Becoming Your Best

July 17, 2015
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Photo by Paul A. Smith, Simply Perfection Photography, 2015

The message is everywhere: with the right shoes, the right watch, the right diet, and the right trainer, you can become anything you want to be. In the Age of Aspiration, where we all want to be the best, even hoping to transcend our physical limitations, all we need is the right equipment and the right attitude.

But can we? Can we be actually be more than ourselves? Or should we focus on being our own true selves, the best that we can be, thereby fulfilling our genetic potential? Indeed, each and every one of us is unique, born with the capability to realize our own genius. A few years ago, I decided that’s what I wanted: a chance to become the best that I could be.

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Up until now, I’ve sought challenge and fulfillment in physical exertion. From childhood, I wanted to push myself up mountains, ski down them, ride great distances on horseback. I wanted to do. When I looked at photos of men summiting Mt. Everest, their gender didn’t concern me, but the accomplishment inspired me. I wanted to be there, too.

I got there.

In the early 1990s, I set my goal: to climb the Seven Summits, the highest peak on each continent. Between 1992 and 1996, I traveled across the world and pushed myself past fatigue, past brutal weather extremes, past feet that looked like they’d been in a blender. I attempted Everest three times, and summited once. I knew and worked with some of the most talented mountaineers of the day, and I discovered the inner peace that comes with complete exhaustion.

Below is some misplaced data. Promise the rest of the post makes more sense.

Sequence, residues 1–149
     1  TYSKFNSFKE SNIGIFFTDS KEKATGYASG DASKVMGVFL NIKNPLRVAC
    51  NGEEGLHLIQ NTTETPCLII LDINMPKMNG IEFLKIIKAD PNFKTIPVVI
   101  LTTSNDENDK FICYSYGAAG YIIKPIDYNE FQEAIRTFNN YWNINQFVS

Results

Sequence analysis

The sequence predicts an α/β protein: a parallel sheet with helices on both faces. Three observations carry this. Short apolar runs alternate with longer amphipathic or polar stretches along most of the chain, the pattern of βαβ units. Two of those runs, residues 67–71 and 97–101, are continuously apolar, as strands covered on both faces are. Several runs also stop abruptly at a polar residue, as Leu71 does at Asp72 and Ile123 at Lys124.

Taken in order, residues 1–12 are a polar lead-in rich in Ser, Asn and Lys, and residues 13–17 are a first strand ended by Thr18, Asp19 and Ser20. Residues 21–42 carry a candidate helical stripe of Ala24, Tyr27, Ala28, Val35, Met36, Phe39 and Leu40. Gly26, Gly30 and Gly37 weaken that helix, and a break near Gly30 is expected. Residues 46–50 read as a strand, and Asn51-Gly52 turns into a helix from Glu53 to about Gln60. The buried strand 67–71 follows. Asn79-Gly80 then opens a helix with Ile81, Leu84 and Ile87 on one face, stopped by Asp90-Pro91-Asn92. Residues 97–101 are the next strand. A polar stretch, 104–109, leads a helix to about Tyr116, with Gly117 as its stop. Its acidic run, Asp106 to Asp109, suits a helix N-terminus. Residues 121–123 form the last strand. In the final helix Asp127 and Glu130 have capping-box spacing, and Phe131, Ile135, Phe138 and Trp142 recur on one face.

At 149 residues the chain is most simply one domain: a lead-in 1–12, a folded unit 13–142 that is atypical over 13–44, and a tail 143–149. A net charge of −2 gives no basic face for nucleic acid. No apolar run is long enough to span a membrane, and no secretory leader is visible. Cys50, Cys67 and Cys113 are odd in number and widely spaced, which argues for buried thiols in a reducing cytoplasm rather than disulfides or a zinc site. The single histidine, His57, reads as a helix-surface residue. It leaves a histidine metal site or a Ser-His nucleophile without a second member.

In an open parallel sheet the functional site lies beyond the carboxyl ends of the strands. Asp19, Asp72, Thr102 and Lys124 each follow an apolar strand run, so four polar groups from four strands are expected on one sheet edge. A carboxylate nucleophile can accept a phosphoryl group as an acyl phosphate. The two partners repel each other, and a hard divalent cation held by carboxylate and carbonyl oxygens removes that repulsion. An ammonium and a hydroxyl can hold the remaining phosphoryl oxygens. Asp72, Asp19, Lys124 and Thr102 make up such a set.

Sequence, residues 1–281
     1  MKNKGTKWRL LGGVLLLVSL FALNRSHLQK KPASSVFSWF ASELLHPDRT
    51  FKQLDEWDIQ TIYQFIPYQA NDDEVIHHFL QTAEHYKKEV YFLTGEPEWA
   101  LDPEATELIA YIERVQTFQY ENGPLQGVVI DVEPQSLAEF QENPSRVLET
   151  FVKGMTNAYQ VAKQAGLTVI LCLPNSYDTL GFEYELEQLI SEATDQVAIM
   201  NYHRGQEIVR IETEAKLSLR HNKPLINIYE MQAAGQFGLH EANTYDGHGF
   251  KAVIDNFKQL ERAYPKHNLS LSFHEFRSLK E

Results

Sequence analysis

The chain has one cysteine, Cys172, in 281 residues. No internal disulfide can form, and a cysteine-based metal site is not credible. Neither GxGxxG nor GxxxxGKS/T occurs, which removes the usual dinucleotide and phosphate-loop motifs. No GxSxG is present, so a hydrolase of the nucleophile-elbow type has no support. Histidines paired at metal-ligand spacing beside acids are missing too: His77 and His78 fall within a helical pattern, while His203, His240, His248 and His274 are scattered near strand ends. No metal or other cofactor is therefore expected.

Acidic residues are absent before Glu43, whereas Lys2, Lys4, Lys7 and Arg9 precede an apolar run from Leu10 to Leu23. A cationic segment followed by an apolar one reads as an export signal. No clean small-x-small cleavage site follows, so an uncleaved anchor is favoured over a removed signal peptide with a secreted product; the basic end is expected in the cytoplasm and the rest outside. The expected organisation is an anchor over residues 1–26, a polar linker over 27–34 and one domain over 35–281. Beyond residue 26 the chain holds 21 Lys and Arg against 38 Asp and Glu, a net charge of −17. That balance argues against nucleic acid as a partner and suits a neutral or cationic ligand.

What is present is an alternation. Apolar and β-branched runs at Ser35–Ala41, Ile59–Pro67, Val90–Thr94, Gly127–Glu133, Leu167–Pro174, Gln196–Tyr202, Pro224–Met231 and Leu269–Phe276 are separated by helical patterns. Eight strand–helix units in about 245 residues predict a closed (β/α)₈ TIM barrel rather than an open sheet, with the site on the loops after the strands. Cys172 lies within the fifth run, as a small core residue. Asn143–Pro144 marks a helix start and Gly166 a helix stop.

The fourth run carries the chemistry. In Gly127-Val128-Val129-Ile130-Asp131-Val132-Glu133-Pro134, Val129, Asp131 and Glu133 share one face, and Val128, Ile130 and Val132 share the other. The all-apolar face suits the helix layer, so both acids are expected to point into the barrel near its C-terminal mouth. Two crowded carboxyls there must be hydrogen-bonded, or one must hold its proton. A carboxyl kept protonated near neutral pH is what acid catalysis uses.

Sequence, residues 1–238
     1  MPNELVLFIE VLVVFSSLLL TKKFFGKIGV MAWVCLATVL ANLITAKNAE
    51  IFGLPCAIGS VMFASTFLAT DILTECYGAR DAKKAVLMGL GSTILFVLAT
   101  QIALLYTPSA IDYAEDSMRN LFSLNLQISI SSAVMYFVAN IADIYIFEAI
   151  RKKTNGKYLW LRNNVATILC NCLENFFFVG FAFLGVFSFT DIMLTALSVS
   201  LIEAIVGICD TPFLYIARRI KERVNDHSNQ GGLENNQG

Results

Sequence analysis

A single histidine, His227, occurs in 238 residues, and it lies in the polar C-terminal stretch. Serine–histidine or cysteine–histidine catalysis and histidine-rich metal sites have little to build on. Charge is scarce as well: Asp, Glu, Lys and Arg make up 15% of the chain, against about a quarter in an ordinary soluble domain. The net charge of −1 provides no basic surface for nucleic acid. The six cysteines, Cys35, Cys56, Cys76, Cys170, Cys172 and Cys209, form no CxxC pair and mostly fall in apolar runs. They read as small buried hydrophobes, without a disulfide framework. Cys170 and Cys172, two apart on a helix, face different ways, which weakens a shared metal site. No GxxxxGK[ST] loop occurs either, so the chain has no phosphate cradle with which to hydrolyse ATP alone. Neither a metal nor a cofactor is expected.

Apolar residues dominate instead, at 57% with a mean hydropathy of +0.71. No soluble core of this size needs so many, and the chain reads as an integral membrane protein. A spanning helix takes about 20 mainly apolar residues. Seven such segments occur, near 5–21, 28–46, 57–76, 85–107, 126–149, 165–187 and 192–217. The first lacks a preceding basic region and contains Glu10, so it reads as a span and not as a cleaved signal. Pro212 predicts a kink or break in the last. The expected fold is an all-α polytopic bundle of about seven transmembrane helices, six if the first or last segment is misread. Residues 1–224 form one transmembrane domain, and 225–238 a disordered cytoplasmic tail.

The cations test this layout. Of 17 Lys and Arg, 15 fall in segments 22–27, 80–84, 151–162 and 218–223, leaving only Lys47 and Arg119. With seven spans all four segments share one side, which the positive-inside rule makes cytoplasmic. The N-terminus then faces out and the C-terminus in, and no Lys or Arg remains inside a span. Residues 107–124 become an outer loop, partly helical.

Yet, as much as I met those challenges, I never felt like I was fully living up to what I could do. Then I discovered the sport of CrossFit and the CrossFit Games, the ultimate test of genetic potential, where players compete at the leading edge of every physical ability humans are made for: strength, endurance, flexibility, and balance. To even make it on the field, to compete against dozens of other supremely talented women, would be a tremendous honor. So I embarked on this grand adventure, the quest to qualify for the Games, just to see where my genes would take me.

Photo by Paul A. Smith, Simply Perfection Photography, 2015

Photo by Paul A. Smith, Simply Perfection Photography, 2015

 

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I never participated in team sports when I was in school. Title IX didn’t come along until later, and girls didn’t typically play sports—they were encouraged to become cheerleaders. That didn’t interest me, so I found my outlet in the mountains, alone. That experience gave me strength, endurance, and a high threshold for pain: all advantages in CrossFit. But I had to learn—and am still learning—how to move efficiently and use my strengths in new ways. I needed to become flexible—both in muscles and mind—in a way I’d never done before.

I first started competing in CrossFit in 2012 . At first, I was solidly in the middle of the pack. But in 2013, I placed third in an All Master’s competition against a field of tough women. Standing on the podium was exhilarating, and I wanted more.